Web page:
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The Celestial Railroad
Wilder & Co.
Hope. Inspiration. Trust.
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The Celestial Railroad
Not a great while ago, passing through the gate of dreams, I visited that region of the earth in which lies the famous city of Destruction. It interested me much to learn that, by the public spirit of some of the inhabitants, a railroad has recently been established between this populous and flourishing town, and the Celestial City. Having a little time upon my hands, I resolved to gratify a liberal curiosity to make a trip thither. Accordingly, one fine morning, after paying my bill at the hotel, and directing the porter to stow my luggage behind a coach, I took my seat in the vehicle and set out for the Station-house. It was my good fortune to enjoy the company of a gentleman—one Mr. Smooth-it-away—who, though he had never actually visited the Celestial City, yet seemed as well acquainted with its laws, customs, policy, and statistics, as with those of the city of Destruction, of which he was a native townsman. Being, moreover, a director of the railroad corporation, and one of its largest stockholders, he had it in his power to give me all desirable information respecting that praiseworthy enterprise.
Our coach rattled out of the city, and, at a short distance from its outskirts, passed over a bridge, of elegant construction, but somewhat too slight, as I imagined, to sustain any considerable weight. On both sides lay an extensive quagmire, which could not have been more disagreeable either to sight or smell, had all the kennels of the earth emptied their pollution there.
“This,” remarked Mr. Smooth-it-away, “is the famous Slough of Despond—a disgrace to all the neighborhood; and the greater, that it might so easily be converted into firm ground.”
“I have understood,” said I, “that efforts have been made for that purpose, from time immemorial. Bunyan mentions that above twenty thousand cart-loads of wholesome instructions had been thrown in here, without effect.”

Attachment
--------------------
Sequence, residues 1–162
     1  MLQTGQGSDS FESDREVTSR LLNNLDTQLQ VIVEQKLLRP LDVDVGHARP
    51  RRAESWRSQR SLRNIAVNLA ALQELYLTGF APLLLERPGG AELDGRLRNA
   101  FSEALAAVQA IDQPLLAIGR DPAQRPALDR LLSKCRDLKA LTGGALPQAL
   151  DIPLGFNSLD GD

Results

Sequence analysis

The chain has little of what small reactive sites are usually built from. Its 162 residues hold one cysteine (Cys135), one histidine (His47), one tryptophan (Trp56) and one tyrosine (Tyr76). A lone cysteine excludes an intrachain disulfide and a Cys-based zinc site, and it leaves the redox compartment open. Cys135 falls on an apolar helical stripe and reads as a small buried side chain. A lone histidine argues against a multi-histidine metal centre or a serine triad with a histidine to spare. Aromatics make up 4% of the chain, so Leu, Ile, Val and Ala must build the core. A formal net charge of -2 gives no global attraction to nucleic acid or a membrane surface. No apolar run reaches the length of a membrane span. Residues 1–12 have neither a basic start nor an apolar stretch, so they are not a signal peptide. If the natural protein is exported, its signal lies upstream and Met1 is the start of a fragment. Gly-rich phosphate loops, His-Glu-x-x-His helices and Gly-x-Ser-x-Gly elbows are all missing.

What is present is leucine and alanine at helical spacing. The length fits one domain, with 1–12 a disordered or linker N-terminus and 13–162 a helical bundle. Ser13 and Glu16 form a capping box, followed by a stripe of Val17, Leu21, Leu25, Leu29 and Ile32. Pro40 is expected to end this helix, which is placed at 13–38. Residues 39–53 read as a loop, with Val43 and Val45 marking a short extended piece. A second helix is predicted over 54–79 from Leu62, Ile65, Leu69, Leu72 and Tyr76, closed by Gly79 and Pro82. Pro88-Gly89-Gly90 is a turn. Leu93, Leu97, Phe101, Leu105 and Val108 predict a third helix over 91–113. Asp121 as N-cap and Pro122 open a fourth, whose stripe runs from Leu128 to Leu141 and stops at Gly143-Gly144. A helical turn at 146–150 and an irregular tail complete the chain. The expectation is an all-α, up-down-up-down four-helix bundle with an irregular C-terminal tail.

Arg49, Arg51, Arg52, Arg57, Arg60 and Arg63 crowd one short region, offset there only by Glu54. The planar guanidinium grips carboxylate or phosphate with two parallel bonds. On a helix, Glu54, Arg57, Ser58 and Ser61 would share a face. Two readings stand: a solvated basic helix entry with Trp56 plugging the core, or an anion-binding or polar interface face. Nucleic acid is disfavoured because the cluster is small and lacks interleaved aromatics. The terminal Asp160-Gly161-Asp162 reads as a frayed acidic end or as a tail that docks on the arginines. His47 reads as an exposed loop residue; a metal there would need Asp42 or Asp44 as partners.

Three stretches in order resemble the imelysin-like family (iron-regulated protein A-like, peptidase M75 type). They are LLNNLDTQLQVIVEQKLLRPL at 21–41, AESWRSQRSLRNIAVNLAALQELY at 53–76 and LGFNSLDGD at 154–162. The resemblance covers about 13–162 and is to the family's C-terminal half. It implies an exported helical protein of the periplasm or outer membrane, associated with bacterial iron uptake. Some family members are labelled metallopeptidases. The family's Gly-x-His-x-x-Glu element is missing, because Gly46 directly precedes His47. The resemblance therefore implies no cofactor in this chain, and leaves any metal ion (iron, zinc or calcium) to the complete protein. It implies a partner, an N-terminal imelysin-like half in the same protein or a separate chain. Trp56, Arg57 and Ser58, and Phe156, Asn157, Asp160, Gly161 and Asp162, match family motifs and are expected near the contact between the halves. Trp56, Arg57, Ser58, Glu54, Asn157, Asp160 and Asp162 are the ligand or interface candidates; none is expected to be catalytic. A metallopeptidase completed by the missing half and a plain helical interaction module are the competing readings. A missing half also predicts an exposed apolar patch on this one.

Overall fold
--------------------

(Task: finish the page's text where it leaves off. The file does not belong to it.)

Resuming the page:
“Very probably!—and what effect could be anticipated from such unsubstantial stuff?” cried Mr. Smooth-it-away. “You observe this convenient bridge. We obtained a sufficient foundation for it by throwing into the Slough some editions of books of morality, volumes of French philosophy and German rationalism, tracts, sermons, and essays of modern clergymen, extracts from Plato, Confucius, and various Hindoo sages, together with a few ingenious commentaries upon texts of Scripture—all of which, by some scientific process, have been converted into a mass like granite. The whole bog might be filled up with similar matter.”
It really seemed to me, however, that the bridge vibrated and heaved up and down in a very formidable manner; and, spite of Mr. Smooth-it-away’s testimony to the solidity of its foundation, I should be loth to cross it in a crowded omnibus; especially, if each passenger were encumbered with as heavy luggage as that gentleman and myself. Nevertheless, we got over without accident, and soon found ourselves at the Station-house. This very neat and spacious edifice is erected on the site of the little Wicket-Gate, which formerly, as all old pilgrims will recollect, stood directly across the highway, and, by its inconvenient narrowness, was a great obstruction to the traveller of liberal mind and expansive stomach. The reader of John Bunyan will be glad to know, that Christian’s old friend Evangelist, who was accustomed to supply each pilgrim with a mystic roll, now presides at the ticket office. Some malicious persons, it is true, deny the identity of this reputable character with the Evangelist of old times, and even pretend to bring competent evidence of an imposture. Without involving myself in a dispute, I shall merely observe, that, so far as my experience goes, the square pieces of pasteboard, now delivered to passengers, are much more convenient and useful along the road, than the antique roll of parchment. Whether they will be as readily received at the gate of the Celestial City, I decline giving an opinion.